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Malaysia sues America's Goldman Sachs in multi-billion dollar scandal

Iran Press TV

Mon Dec 17, 2018 10:48PM

Malaysia has filed criminal charges against Goldman Sachs Group Inc -- an American multinational investment bank and financial services company -- for an alleged multi-billion dollar corruption case related to the Malaysian sovereign wealth fund 1Malaysia Development Berhad (1MDB).

The lawsuit, which was issued on Monday, charges Goldman Sachs and two of its former bankers Tim Leissner and Roger Ng of securities law violations, according to Malaysian Attorney General Tommy Thomas speaking to Reuters.

"The charges arise from the commission and abetment of false or misleading statements by all the accused in order to dishonestly misappropriate $2.7 billion from the proceeds of three bonds issued by the subsidiaries of 1MDB, which were arranged and underwritten by Goldman Sachs," said Thomas in a statement.

Former 1MDB employee Jasmine Loo and financier Jho Low have also been charged in connection with the bond offerings.

Along with the Goldman bankers, Loo and Low have been accused of conspiring to "bribe Malaysian public officials in order to procure the selection, involvement and participation of Goldman Sachs in the bond issuances," said Thomas.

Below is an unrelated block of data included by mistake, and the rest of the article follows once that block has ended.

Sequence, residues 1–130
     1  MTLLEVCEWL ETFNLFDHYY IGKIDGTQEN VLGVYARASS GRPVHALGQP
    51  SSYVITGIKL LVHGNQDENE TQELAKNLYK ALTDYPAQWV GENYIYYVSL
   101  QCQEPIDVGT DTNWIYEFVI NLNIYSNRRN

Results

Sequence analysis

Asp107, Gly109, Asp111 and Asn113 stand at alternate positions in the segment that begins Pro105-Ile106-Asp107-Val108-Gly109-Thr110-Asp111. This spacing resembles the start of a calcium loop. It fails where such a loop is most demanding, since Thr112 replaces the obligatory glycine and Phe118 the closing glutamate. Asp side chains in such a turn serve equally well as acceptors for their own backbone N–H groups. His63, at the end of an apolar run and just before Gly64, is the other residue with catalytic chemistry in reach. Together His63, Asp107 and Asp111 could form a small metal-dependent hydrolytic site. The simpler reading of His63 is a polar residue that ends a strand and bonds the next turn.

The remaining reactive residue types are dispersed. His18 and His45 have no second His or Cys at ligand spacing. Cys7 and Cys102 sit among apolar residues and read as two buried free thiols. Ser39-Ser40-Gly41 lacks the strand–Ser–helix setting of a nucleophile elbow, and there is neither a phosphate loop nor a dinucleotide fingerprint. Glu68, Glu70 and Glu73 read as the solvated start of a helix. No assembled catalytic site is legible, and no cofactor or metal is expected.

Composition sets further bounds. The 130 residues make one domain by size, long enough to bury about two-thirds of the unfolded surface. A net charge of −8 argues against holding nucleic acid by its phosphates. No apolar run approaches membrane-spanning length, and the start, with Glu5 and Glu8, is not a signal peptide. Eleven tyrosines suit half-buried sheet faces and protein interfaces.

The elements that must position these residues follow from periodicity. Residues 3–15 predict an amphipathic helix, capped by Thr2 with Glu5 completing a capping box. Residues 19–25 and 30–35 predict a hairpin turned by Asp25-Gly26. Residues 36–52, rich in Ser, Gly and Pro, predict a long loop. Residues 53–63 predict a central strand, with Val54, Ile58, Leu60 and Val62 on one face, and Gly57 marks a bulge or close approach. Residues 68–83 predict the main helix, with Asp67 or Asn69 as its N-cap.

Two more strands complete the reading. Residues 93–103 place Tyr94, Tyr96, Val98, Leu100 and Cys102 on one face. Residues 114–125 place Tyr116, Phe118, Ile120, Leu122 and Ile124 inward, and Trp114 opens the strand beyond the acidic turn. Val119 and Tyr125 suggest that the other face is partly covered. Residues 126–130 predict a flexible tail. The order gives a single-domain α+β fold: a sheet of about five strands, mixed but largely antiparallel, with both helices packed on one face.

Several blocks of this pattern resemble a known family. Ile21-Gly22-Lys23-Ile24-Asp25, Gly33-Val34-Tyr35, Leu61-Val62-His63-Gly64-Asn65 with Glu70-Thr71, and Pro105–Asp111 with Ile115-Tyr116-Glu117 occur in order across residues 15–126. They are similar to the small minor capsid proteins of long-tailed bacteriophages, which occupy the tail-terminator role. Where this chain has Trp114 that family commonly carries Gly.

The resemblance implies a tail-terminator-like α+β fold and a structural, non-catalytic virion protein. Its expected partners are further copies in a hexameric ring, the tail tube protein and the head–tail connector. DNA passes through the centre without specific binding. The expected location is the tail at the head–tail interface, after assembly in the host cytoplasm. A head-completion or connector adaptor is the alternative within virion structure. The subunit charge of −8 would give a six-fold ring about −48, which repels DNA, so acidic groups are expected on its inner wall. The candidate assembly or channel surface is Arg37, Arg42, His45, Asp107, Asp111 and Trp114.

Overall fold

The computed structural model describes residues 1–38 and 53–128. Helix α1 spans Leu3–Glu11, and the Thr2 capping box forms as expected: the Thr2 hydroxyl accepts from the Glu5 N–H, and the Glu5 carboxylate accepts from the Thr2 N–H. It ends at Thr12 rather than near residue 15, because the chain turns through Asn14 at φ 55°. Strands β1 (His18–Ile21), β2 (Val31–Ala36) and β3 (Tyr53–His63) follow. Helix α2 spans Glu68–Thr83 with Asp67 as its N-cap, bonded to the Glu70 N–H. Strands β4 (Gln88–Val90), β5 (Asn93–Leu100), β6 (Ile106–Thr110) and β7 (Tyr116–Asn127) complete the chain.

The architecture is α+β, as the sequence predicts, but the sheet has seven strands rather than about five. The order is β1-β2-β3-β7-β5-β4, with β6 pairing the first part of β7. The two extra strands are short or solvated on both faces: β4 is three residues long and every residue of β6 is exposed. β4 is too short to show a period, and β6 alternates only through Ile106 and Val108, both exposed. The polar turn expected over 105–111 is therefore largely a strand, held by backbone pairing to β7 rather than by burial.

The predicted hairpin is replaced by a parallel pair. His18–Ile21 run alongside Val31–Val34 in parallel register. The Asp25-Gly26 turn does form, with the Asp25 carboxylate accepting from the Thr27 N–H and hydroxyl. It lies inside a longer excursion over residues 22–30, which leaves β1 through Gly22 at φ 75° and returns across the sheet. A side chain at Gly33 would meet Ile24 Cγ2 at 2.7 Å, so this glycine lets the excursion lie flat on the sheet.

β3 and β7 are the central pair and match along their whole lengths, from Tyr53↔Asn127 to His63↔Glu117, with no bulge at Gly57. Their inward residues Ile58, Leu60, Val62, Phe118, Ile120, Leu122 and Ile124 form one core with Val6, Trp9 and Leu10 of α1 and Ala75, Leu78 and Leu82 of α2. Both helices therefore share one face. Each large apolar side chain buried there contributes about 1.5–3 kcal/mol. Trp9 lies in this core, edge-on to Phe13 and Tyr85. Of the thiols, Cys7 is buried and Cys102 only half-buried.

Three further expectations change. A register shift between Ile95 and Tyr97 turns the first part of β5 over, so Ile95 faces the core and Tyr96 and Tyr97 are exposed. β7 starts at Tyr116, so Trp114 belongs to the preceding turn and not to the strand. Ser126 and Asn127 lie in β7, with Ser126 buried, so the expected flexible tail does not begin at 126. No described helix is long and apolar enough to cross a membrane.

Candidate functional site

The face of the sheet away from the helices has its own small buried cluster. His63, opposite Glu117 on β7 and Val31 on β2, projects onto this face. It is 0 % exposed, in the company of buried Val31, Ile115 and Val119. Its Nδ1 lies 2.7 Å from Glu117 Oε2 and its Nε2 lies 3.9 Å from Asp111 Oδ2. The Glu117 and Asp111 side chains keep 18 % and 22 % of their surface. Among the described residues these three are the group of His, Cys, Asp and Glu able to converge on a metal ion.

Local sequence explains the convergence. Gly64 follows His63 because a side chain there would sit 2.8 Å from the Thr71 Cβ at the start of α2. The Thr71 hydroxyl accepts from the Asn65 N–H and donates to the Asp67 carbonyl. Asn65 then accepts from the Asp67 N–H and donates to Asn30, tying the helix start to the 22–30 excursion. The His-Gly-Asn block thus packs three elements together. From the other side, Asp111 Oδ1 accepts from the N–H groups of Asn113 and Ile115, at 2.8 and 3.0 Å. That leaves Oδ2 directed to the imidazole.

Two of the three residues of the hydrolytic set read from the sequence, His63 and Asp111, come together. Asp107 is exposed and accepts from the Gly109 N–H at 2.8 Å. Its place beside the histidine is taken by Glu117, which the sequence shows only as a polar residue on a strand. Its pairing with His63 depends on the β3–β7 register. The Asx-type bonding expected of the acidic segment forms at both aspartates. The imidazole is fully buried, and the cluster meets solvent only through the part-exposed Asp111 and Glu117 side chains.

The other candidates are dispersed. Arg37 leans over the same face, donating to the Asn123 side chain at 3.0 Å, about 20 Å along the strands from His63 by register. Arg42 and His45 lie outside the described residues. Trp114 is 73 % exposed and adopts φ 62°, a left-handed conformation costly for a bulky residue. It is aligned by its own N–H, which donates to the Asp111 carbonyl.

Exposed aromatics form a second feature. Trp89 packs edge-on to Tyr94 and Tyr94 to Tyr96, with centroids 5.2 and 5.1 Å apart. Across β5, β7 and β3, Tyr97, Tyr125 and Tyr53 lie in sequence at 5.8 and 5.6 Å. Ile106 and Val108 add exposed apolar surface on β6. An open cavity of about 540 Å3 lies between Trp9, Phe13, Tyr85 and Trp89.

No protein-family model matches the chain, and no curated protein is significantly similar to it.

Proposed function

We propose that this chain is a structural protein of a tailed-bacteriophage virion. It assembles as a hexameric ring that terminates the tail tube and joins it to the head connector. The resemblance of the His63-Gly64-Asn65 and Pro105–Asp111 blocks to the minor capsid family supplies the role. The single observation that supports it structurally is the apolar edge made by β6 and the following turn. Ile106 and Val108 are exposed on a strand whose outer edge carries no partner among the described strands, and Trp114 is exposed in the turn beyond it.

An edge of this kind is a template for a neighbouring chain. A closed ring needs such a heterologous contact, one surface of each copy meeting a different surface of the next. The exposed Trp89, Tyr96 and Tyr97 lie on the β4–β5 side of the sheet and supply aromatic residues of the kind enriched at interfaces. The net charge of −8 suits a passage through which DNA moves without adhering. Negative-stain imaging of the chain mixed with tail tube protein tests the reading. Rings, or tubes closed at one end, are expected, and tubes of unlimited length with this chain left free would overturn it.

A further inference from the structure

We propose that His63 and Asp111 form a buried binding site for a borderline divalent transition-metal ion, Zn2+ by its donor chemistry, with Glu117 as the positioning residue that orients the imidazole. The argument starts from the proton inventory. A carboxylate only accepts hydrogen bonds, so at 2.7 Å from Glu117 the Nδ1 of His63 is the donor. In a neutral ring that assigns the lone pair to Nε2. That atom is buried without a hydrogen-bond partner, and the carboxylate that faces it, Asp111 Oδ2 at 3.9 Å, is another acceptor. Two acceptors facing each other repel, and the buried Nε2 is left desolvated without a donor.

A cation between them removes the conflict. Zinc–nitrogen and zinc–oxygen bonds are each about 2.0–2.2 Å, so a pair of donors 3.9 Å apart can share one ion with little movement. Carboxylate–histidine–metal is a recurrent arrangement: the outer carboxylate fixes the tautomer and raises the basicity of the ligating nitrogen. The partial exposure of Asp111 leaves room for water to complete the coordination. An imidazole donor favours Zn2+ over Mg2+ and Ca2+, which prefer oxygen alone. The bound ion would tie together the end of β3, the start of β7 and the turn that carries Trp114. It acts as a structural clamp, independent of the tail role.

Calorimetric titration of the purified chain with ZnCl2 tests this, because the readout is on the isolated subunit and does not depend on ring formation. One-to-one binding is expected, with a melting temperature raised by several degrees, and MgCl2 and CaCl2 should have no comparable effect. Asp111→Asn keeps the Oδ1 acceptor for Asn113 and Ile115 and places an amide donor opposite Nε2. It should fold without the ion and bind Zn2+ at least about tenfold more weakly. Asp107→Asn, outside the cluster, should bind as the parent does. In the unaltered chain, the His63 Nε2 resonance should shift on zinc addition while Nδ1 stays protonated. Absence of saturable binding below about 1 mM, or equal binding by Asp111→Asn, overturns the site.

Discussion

Goldman has, however, rejected the charges as being misdirected against the company and has vowed to defend those charged in the case, according to Goldman spokesman Michael DuVally.

DuVally added that the charges did not affect Goldman's "ability to conduct our current business globally."

The American company, which receives 15 percent of its revenue from Southeast Asia, has, nonetheless, already lost around $22 billion in market capitalization due to a more than 24 percent decrease in stock value in the past month.

The decrease came after the United States Department of Justice announced 1MDB-related charges against the two former Goldman bankers Leissner and Ng on November 1.

1MDB, which was founded by former Malaysian Prime Minister Najib Razak in 2009, is the subject of money-laundering investigations in at least six countries, including the United States, Switzerland, and Singapore.

Malaysian Prime Minister Mahathir Mohamad barred Najib and his wife from leaving the country and reopened an investigation into the 1MDB as soon as he took office in May.

Najib is accused of channeling nearly $700 million from 1MDB into personal bank accounts.



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